If you are using the camp kitchen rinse the sink out when you are finished, wipe the benches down and put any utensils or equipment that you may have used away. Leave the BBQ clean as well so as the next person who wants to use it doesn’t have to clean it first.
Make sure you take all your rubbish to the appropriate bins as well.
Another thing that came up frequently was mopping the showers out if a mop and bucket was available. This really only takes 2 minutes and just helps keep everything clean for the next person.
For us, this is a big part of what caravanning and camping is all about. Meeting new people and having new experiences. Say Hi to your next door neighbours – you might just make some new friends.
Did you know that maintaining social contacts is a great way to reduce the risk of Alzheimers? I can’t think of a better place for social interaction than a caravan park or camp ground. So many places have organised ‘happy hour’. Often there will be a fire involved and you can come and have a drink and even pop your camp oven in and have dinner cook whilst you chat.
This is such a great way to meet new people and share experiences. It’s often the way to find out about the best spots to visit. Say Hi to your next door neighbours – you might just make some new friends.
REMOVE YOUR WASHING
Most people said they don’t like other people removing their washing from the machine or dryer when it’s finished. They also expected washing to be removed from lines promptly.
I don’t do washing on days that we are going out site-seeing. That way I can keep an eye on it whilst it’s in the machine and also on the line. Washing machines often have different cycle times and it’s not always written on the machine how long it’s going to take. Generally I allow between 20 to 30 minutes and then go back and check it.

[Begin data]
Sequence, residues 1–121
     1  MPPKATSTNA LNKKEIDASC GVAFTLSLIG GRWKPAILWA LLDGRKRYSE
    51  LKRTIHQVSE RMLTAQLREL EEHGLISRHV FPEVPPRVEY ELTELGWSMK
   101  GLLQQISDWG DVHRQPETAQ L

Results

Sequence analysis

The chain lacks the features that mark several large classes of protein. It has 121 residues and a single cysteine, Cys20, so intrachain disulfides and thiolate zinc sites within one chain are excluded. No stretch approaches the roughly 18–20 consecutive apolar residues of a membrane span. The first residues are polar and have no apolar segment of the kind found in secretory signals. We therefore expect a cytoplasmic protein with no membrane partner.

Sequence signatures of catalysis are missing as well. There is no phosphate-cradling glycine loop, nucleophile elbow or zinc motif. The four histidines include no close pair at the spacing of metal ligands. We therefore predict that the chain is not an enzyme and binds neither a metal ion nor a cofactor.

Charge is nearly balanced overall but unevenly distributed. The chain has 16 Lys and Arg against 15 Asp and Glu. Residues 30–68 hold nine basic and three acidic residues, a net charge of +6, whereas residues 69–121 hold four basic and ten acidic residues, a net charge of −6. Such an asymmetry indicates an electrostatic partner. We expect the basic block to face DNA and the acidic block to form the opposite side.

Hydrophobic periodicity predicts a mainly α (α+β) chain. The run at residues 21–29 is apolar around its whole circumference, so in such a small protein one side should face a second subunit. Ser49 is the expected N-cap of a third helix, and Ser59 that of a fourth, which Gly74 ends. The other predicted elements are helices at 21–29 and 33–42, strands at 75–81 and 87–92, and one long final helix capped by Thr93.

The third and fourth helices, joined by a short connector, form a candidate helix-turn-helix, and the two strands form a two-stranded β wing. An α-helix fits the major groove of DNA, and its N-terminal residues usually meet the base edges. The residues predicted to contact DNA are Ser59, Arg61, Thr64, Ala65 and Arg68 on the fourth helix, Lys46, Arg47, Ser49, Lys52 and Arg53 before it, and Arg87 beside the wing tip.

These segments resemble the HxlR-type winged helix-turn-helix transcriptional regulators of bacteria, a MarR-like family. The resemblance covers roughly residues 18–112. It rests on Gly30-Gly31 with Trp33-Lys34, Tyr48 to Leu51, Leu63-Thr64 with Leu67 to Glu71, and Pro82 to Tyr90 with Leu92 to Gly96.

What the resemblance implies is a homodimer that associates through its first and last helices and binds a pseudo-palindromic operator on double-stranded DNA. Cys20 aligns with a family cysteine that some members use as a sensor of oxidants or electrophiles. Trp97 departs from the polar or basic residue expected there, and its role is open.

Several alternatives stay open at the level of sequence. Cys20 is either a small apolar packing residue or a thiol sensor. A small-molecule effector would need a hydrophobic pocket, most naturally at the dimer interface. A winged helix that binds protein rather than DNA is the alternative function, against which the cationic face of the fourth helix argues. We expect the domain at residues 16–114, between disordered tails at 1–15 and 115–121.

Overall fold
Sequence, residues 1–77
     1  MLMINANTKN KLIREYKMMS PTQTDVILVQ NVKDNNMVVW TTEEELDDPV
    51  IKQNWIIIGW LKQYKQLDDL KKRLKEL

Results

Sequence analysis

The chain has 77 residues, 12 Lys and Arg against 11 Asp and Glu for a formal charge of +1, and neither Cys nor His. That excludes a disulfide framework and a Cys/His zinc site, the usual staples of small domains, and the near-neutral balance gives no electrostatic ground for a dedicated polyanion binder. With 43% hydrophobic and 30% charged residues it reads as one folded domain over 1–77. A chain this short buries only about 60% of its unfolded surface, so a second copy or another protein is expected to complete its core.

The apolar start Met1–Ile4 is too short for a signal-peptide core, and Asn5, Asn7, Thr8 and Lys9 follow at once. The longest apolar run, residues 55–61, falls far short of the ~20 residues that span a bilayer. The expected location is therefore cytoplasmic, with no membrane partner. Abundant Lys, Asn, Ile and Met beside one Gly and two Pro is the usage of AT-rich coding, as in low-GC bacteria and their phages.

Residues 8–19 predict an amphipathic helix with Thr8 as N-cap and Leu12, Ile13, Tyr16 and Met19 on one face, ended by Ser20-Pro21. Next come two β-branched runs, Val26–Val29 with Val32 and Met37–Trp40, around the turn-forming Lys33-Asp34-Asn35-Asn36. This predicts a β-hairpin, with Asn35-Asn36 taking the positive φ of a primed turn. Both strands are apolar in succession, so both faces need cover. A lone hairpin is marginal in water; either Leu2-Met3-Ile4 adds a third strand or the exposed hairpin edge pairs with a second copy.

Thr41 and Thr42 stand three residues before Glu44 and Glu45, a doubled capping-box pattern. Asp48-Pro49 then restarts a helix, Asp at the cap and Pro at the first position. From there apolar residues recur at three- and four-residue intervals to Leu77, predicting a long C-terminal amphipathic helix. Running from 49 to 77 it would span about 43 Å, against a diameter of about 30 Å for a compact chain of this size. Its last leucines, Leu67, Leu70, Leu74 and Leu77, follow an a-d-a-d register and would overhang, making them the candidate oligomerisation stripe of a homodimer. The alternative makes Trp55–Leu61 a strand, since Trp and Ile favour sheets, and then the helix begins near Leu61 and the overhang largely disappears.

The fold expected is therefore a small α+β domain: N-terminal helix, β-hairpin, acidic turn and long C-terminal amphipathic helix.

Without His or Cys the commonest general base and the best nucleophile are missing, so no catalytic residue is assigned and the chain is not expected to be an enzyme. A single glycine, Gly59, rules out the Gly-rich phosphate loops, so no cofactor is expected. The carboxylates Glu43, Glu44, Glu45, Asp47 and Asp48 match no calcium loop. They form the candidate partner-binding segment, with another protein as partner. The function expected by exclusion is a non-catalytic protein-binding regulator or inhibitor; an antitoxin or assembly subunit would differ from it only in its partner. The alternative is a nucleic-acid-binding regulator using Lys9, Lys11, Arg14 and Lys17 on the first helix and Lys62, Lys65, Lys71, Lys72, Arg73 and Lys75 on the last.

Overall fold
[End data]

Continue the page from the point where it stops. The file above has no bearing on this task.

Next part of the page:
I would consider taking someone’s washing out of a machine after it had finished if they had not returned in say 15 minutes. I would only ever do this if they had left the basket on top of the machine.
Someone once removed my washing from a machine and then didn’t put another load on….must have changed their mind!
With so many people travelling with their pets these days, especially dogs, following some simple rules will make sure everyone enjoys their stay.
If a park requires your dog to be kept on a lead at all times please do so. This isn’t just for other peoples comfort but also for the safety of your pet. And please, not matter where you are, clean up your poop!
Most places have a set of rules. These are usually handed to you when you check in. I generally give these a quick scan just to make sure there is nothing out of the ordinary that I need to know.
Rules are generally put in place to ensure the safety and security of all guests. Rules such as no bikes or scooters on roadways are put in place to make sure our kids are safe especially somewhere that there are a lot of big four-wheel drives with sometimes limited vision. Other rules are there to ensure all guests enjoy their stay.
AND NOW FOR A LAUGH
Some good advice here –
- Turn down your outside speakers if you are watching an ‘Adult Movie’
- Wear pants if your blinds are open
- Ladies, please don’t shave your legs in the swimming pool
- If you don’t want golf balls thrown at your kids don’t let them hit golf balls at peoples cars and caravans
- Don’t let your young son ‘take a leak’ on the neighbours tent
Thanks to everyone who contributed suggestions. The bottom line is be respectful and treat others as you yourself would like to be treated. But above all else have fun!
What do you think makes for good Caravan Park and Camp Ground Etiquette?